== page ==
A decade after her braces were taken out, a woman needed to have a piece of dental wire removed from her intestine. [Warning: The photos below are graphic.)
The 30-year-old Australian woman, who has not been named, was having cramps and abdominal pain, according to CNN. Doctors thought that the pain was caused by her gallbladder, and released her from the hospital when the pain subsided.
But two days later, she returned to the hospital saying that she was still experiencing severe pain. Doctors then did a CT scan, which revealed that her small intestine had been punctured multiple times by an object inside of her body.
"After looking at the CT scan, at first we thought it was a fish bone, because that's a pretty common thing to find in the stomach," said Dr. Talia Shepherd.
"But when we went to ask the patient if she remembered swallowing anything, she had no recollection," Shepherd said.
Doctors performed surgery to remove the object, finding a 7-centimeter piece of wire from orthodontic braces that the woman hadn't worn in 10 years.
While operating, doctors saw that the wire had pierced her small intestine in a number of different spots and had caused it to twist around on itself, developing a condition called volvulus, according to Ars Technica.
"I think it was probably just sitting there in her stomach the whole time," said Shepherd, "and then when the small bowel was punctured, that's when the pain started."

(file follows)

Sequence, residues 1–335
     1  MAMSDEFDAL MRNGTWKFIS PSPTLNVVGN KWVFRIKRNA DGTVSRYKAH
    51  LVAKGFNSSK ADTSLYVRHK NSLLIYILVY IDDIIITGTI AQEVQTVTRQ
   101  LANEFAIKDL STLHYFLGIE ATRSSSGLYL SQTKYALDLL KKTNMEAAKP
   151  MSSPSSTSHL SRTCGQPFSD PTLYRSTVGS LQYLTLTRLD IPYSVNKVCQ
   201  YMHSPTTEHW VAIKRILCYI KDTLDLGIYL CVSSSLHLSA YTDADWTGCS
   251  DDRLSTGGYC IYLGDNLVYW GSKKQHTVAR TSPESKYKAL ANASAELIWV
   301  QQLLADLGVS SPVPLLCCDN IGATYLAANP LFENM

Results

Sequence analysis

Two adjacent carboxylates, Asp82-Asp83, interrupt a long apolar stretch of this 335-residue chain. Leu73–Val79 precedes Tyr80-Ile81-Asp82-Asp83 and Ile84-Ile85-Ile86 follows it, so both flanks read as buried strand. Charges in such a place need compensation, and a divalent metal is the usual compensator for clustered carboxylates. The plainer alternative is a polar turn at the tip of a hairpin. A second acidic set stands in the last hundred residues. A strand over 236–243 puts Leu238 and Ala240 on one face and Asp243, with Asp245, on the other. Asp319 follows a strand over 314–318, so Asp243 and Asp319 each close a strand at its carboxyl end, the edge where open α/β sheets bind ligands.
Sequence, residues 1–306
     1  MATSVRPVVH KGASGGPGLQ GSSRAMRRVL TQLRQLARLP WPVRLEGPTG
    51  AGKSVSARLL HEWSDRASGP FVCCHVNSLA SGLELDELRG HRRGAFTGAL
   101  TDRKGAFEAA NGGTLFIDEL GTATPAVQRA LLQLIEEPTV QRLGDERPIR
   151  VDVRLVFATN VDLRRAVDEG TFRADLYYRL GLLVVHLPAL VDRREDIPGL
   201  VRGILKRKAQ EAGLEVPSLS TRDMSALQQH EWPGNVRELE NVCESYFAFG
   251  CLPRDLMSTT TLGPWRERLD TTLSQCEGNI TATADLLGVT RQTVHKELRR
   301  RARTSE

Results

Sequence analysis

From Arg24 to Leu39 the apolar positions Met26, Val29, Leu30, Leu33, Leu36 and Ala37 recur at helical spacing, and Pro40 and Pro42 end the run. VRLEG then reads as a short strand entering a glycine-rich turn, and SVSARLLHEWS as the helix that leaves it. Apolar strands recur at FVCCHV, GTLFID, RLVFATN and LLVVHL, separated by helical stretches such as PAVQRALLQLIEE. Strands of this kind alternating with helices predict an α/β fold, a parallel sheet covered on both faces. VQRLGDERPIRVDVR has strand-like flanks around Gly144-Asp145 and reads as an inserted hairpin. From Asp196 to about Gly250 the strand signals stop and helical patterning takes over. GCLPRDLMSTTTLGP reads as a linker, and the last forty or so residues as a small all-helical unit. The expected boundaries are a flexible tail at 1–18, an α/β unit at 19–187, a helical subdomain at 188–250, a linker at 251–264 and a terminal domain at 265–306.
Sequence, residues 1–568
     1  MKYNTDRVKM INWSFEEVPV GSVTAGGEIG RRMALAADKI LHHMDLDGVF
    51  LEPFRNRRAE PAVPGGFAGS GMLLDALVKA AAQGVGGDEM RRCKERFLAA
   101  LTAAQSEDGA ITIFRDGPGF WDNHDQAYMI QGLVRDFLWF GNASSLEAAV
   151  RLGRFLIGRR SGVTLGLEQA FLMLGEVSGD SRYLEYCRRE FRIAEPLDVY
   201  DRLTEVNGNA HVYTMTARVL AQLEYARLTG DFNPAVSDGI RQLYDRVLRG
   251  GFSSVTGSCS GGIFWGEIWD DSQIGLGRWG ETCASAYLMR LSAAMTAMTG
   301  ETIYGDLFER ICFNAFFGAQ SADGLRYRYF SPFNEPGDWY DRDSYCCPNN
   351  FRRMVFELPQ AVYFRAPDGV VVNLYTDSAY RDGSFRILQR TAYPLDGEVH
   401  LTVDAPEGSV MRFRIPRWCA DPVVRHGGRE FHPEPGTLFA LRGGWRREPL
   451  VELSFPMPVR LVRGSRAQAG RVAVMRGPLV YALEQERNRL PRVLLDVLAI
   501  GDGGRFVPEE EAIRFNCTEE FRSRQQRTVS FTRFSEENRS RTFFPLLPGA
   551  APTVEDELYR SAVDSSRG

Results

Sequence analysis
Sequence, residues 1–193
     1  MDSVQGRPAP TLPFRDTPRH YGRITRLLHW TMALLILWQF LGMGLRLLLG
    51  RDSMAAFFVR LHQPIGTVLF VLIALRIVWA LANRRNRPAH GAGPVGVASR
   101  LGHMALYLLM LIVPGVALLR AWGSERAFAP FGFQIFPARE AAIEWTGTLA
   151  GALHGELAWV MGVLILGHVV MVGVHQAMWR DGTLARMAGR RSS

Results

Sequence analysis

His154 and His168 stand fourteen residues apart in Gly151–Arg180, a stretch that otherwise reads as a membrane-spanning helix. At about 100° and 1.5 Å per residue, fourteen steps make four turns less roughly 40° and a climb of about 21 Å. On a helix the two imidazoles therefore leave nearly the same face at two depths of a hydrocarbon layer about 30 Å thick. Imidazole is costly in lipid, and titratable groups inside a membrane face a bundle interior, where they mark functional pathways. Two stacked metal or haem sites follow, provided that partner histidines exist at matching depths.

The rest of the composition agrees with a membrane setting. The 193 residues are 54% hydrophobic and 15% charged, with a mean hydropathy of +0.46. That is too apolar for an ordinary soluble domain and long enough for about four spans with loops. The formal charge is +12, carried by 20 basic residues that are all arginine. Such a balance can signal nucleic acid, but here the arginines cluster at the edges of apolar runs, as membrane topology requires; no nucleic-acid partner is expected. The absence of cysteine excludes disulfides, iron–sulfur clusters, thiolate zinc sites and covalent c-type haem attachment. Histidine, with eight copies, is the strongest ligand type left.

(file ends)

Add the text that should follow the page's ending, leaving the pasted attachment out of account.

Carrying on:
She pointed out that the case was a rare occurrence.
"The chances of swallowing a wire from your braces is very low," said Shepherd. "There might be a higher chance if you're sedated and undergo a dental procedure. But this is a very unusual case."
Gastroenterologist Dr. Pat Raymond said that it was strange that the patient didn't remember swallowing the wire.
"Usually, when people have an injury related to swallowing something, they remember accidentally swallowing it or intentionally swallowing it," she said, adding that the wire was "relatively large."
"It's incredibly common in my professions to see people who have swallowed things," said Raymond, adding that the objects swallowed would often vary depending on whether patients had swallowed them by mistake or on purpose.
"The general rule is that if it passes out of the esophagus, it's likely to pass through the rest of the intestine without incident," said gastroenterologist Dr. J. Sumner Bell.
"But if people swallow batteries, children swallow magnets, or sharp objects like razor blades or packages of cocaine, that's where we get involved to actively remove them," Bell added.